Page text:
This article appeared in the ‘People’s Journal’ in June 1880. The title parodies Sir Walter Scott as the author looks back fifty years and observes the huge changes that had taken place in the East End in that time. This map from 1832 gives an insight into how little the city had expanded east on the Forfar and Arbroath Roads. Compare to 1882.
“After this Baxter Brothers came to build their first spinning mill, which stood with its end to the “Plantin’.” After that they built their second mill, and so demolished the west side of the “Plantin’.” After this they took up the whole of the east side of the “Plantin’.” Subsequently they swallowed up Carmichael’s Mill and the whole of the den, trees, and all up to Victoria Road and Bridge, and I think beyond it, all of which space is now occupied by their works, which may be splendid enough in their own matter-of-fact way but there was poetry n the den.”
Aye, it is at least three and fifty years now since Macgregor sang on the stage of the Dundee Theatre Royal “Great are the changes in Bonnie Dundee.” It was a song which was then “just out,” of the words of which I only remember the o’erturn. It spoke of the enterprise of the Dundonians in some such way as this—
“Building quays and piers and walls with mercantile ardour,
They’ve made the river narrower by their new harbour.”
And in lamenting the building of some wall or other along the Perth Road, the object of which would appear to have been the protection of pedestrians from the stormy winds, forgetting that by the same means they were shutting out their view of the grand river and its “Christian side,” the piece came to some such conclusion as this—
“But blow me, I’d rather be blowed than blinded,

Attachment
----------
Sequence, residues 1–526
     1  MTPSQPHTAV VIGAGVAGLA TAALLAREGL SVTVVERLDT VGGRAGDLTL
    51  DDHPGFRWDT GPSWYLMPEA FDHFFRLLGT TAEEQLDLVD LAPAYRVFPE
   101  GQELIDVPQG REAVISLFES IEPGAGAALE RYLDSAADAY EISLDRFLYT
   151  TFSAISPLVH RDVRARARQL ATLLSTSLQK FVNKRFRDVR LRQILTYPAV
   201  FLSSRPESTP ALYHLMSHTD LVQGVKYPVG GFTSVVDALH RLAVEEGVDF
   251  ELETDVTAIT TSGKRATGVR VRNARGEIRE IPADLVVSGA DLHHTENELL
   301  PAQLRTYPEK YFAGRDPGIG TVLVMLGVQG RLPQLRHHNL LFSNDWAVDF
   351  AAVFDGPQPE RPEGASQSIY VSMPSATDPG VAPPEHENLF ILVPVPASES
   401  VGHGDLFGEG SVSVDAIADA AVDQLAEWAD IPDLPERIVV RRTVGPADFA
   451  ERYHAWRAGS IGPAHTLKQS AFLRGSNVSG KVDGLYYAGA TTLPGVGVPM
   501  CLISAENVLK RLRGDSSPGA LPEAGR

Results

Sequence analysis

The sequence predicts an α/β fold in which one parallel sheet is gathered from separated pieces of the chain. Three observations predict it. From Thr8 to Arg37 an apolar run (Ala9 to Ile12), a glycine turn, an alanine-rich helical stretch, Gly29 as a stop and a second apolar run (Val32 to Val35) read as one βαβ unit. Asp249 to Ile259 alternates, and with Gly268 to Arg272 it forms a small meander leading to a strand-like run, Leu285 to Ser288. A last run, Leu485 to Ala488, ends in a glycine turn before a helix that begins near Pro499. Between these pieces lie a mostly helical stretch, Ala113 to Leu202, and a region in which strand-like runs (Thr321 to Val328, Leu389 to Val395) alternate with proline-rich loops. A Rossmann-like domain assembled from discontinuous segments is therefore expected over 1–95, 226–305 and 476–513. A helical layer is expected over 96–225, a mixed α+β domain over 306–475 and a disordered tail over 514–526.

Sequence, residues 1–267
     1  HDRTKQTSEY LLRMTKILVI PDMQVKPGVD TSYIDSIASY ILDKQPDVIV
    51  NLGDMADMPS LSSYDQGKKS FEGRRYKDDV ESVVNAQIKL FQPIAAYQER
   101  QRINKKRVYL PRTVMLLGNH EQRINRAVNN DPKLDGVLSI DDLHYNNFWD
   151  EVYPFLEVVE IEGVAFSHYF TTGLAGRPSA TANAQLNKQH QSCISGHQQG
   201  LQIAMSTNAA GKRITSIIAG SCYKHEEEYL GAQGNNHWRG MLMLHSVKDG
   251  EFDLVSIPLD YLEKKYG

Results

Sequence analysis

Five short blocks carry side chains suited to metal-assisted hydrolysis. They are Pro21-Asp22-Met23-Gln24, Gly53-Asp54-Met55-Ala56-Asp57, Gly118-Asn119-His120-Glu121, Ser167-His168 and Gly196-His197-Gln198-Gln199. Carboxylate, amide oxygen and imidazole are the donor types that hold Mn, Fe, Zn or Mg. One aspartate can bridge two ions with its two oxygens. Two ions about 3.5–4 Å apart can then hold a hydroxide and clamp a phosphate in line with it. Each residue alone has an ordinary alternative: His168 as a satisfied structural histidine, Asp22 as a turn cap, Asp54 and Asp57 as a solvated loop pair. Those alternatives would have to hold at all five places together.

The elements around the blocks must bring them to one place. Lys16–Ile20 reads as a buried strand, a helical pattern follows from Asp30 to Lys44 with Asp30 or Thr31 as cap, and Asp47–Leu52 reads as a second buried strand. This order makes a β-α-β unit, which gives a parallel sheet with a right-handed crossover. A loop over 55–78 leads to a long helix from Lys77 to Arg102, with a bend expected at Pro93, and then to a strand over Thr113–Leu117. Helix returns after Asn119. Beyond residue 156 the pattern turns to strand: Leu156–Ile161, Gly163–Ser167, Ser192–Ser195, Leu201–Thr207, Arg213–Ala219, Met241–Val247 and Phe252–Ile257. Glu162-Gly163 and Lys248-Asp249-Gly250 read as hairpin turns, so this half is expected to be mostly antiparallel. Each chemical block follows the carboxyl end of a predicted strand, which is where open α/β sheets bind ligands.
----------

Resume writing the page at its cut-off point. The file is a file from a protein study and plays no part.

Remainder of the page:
Sing hey, sing ho, you all must agree
That great are the changes in Bonnie Dundee.”
The song was sung to a tune to which I have heard the song “Kate Dalrymple” sung. I have also heard the song about a Lowland lass and a Hieland laddie sung to the same tune by a gentleman who has since built that ducal castle that overlooks Broughty Ferry and the Firth of Tay. He and I were then “boys together,” although we were not intimate acquaintances, for he and his brothers R. and A. were then at Mr Gilbert’s school and I at Mr Macintosh’s. Besides, he was a “hiller” and I was a “noo rodder,” for the “New Roads,” or “noo rods,” was the name by which what are now called King Street and Princes Street were then known. But there was not a single house then in what is now called Princes Street from Sandy Gordon’s thatched cot at the foot of the Strait Brae till you came to the old gushet public-house of one story called “Athole Brose,” from these words being painted on the stones forming the arch of the door-top, and which house divided the Forfar from the Arbroath Road. Sandy Gordon’s house was, as I have said, a thatched cot that formed the east foot of the Strait Brae, and a coal yard formed the west foot. But thereby the Brae had a short leg and a long. For Sandy’s house projected into what now forms the beginning, or west end, of Princes Street, so that the back, instead of the front, of Sandy’s house formed the line of street. Sandy was a veritable publican, for although he may not have been “licensed to retail spirits, porter, and ale,” and I am not so sure as to be able to say he was not, yet he sat at the receipt of custom on a buffet stool in front of his house from morning to night, especially on Tuesdays and Fridays. For the Magistrates then, not having yet been put up to the principles of free trade, made the country people pay for leave to sell their butter and eggs to the people in the town; and Sandy was the farmer, on that road, of these customs, I think, till they came to be abolished. Perhaps it was so much exposure to the weather that gave the colour to Sandy’s face, which was a deep mixture of red and blue, with little or no white to relive it. Sandy wore a clean white apron, though over a figure decidedly emborpoint, so that, if not so in every sense of the word, he would have made a goo specimen of the ideal Boniface.